Battlefield experience has shown that even with expanded intelligence capacity at the BCT level and below, additional downward reinforcing MI capability is required for full-spectrum operations in complex environments. To meet this need, the Army is forming eight active component MI collection battalions; three have been formed to date. Each of these battalions is heavily weighted for HUMINT source and interrogation operations and includes advanced SIGINT capabilities and multifunctional HUMINT/SIGINT teams for autonomous support operations. These collection battalions form the core of five new BfSBs--three active and two reserve component; the first BfSB was formed in 2006. The BfSBs and MI collection battalions are designed for direct, downward-focused reinforcing support to committed divisions, BCTs and battalions, where the risk is greatest. They can also provide effective collection and reconnaissance support to Joint, Joint task force (JTF) and coalition forces as required. Active Army, Army National Guard, and Army Reserve structure will be based on a common force design.

To better support Joint interrogation operations at the JTF level, the Army is also building four joint interrogation and debriefing center (JIDC) battalions--two active and two reserve component; the first active JIDC was formed in 2006. Each provides robust, dedicated HUMINT exploitation capability that trains closely with military police detention forces and serves as the core for sister Service, Joint and National augmentation. JIDC battalions complement HUMINT skills resident within Army BCTs and BfSB MI collection battalions and enable effective collaboration and synchronization in support of ongoing operations.

By 2013, the Army will have added more than 7,000 MI Soldiers to its ranks. More than 90 percent of that growth is aligned with enhanced tactical collection, exploitation, and analysis. Army Intelligence transformation is producing a modular, better balanced MI force that can support not only the heavy demands inherent in the war on terror and regional contingency operations but also the full spectrum of operations.

Today's Soldiers are smart, tough, dedicated, and technologically savvy. Each MI Soldier must also be an expert in his core specialty and competent in key related intelligence skills. (For example, analysis is a skill inherent in every MI discipline.) Army MI is accordingly growing its Soldiers in "MI Pentathlete" style to perform an expanded range of combat-essential intelligence tasks through instruction at basic, mid-level and advanced training courses.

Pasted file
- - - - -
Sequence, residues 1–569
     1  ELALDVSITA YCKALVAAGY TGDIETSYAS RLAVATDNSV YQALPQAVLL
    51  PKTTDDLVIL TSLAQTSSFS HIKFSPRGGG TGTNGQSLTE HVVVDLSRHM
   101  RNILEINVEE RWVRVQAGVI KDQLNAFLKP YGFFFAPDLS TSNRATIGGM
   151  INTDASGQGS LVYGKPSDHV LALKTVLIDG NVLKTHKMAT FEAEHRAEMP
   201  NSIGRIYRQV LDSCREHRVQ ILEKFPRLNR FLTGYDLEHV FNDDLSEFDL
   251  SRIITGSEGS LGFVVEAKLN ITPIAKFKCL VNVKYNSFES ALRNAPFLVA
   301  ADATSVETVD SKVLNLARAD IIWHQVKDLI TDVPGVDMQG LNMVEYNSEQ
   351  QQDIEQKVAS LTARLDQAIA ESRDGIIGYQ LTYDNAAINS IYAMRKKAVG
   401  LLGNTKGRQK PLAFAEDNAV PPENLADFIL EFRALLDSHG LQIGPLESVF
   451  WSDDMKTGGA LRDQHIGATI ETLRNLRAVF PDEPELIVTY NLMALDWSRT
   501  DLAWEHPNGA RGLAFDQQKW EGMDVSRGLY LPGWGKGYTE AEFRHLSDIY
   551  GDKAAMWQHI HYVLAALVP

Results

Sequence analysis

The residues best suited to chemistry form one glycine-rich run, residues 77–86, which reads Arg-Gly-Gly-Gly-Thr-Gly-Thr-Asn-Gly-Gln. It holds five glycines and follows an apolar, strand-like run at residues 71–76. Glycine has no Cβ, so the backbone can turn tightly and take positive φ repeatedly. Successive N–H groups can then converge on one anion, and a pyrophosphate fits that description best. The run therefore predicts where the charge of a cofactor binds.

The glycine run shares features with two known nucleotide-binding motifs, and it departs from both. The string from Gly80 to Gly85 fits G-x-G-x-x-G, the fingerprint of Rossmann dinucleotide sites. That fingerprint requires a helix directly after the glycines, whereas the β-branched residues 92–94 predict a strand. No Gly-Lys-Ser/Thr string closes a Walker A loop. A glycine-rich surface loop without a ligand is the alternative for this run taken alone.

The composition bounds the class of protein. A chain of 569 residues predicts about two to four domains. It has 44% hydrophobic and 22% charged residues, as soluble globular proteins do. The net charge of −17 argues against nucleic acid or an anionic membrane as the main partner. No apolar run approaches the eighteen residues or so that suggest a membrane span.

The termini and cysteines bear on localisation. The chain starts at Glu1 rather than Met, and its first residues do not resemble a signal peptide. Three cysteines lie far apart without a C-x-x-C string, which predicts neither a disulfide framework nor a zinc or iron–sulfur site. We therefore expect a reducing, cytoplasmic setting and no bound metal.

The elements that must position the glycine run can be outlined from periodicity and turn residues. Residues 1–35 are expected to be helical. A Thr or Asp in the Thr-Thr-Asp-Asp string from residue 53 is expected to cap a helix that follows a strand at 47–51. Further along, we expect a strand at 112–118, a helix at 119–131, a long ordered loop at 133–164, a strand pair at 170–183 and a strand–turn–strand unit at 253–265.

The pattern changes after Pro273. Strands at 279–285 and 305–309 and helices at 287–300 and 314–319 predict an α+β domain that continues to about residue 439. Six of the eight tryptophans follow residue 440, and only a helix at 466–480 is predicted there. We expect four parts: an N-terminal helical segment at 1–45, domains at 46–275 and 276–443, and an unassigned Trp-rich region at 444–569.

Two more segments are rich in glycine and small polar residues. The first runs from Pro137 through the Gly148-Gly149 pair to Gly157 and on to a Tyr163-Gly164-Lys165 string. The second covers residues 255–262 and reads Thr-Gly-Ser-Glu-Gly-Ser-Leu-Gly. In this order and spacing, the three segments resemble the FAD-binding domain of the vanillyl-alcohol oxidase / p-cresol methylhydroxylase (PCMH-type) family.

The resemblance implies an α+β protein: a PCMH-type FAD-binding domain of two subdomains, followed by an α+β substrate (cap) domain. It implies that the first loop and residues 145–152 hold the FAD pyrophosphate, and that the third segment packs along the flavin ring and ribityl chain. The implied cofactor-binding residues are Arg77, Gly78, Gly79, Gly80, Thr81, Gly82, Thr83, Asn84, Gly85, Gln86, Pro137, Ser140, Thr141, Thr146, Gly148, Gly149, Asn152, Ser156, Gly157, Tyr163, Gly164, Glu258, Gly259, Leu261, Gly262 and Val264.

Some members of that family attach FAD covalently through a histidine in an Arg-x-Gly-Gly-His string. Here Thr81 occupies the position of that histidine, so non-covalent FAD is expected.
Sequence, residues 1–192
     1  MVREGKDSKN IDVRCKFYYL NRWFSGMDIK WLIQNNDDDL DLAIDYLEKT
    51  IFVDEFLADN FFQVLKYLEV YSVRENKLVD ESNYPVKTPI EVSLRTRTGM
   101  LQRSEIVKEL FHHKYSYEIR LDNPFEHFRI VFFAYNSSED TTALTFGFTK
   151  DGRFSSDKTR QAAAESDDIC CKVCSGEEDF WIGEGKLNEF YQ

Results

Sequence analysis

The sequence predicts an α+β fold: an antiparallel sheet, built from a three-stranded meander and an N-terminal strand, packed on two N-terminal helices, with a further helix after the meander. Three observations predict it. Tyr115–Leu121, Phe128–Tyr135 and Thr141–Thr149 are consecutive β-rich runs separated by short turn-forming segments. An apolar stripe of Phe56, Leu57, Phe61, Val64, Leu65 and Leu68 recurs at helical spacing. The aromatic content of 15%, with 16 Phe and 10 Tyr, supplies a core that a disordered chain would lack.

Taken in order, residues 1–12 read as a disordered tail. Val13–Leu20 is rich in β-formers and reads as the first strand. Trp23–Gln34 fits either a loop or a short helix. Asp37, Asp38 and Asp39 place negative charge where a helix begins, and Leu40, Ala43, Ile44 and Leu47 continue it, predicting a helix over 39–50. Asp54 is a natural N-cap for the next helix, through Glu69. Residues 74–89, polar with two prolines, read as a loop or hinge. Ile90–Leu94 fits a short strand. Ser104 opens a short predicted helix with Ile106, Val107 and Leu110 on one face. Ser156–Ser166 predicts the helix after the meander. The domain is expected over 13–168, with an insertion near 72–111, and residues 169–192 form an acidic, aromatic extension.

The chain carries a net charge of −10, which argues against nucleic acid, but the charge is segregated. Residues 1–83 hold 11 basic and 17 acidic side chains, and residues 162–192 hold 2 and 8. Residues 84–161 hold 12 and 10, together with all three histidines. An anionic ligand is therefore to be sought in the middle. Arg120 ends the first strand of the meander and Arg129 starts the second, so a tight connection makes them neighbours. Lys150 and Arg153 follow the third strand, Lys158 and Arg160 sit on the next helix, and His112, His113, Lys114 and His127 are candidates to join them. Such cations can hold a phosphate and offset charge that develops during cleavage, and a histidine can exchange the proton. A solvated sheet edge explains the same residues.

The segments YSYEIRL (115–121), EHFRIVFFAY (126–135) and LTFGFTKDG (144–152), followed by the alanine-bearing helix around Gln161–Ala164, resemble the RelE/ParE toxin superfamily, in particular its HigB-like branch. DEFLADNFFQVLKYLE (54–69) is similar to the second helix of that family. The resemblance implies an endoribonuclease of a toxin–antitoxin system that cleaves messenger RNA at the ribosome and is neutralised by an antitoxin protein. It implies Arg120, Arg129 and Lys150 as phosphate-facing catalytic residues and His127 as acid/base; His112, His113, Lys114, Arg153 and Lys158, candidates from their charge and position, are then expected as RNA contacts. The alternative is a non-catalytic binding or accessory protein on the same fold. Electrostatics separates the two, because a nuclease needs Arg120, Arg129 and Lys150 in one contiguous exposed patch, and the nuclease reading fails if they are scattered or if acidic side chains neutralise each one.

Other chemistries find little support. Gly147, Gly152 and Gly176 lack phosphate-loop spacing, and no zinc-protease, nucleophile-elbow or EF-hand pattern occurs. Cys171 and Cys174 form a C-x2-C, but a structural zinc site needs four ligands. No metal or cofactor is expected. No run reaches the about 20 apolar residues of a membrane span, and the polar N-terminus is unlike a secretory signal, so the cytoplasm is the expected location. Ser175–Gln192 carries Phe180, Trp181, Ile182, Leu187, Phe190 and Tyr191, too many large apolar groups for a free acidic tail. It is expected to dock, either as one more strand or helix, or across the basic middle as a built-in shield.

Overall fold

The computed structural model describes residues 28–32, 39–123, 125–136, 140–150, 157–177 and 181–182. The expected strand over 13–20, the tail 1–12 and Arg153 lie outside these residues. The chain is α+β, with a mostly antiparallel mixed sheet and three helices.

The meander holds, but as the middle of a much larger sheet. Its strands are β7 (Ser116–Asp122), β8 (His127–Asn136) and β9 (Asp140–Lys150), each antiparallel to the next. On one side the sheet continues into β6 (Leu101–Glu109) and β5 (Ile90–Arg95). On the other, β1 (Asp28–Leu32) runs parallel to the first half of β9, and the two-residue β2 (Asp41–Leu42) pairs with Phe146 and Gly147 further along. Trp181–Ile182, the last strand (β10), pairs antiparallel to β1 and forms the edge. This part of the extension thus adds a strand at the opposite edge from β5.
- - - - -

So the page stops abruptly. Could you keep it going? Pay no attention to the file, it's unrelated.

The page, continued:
Revitalizing Army HUMINT

Expansion of Army HUMINT capacity is a key component of military intelligence transformation. Army MI strength is increasing by at least 7,000 Soldiers, more than half of them going to HUMINT disciplines. Army HUMINT strength will more than double in the coming years--from approximately 2,500 in Fiscal Year (FY) 2005 to more than 6,000 by FY 2011.


Combat lessons learned reflect the overriding importance of robust HUMINT capability down to the BCT level. While essential across full-spectrum operations, HUMINT is especially critical in irregular warfare and stability operations, where understanding the "human dimension" is essential to achieving precise targeting, intended effects and operational success. Beyond force structure, Army HUMINT transformation is having a profound effect on the training and employment of the HUMINT force at all levels and is driving enabling technologies to improve HUMINT force performance.

HUMINT capabilities at the BCT level are expanding significantly to provide forward-based military source operations (MSO) and interrogation skills where the opportunities and operational risk are greatest. These HUMINT Soldiers collect information to satisfy intelligence requirements, to include threat identification, associations, locations and future plans. HUMINT Soldiers operate in the close-access human domain to collect this information through interaction with the indigenous population, to include local warlords and local tribal, political and military leaders. Analysts integrate this information with other sources of information to increase understanding and generate actionable intelligence. The commander manages HUMINT operations through his HUMINT staff officer. Each modular BCT contains three organic HUMINT teams and imbedded HUMINT plans and operations elements. Each reinforcing BfSB MI collection battalion brings 35 additional HUMINT teams of four Soldiers each.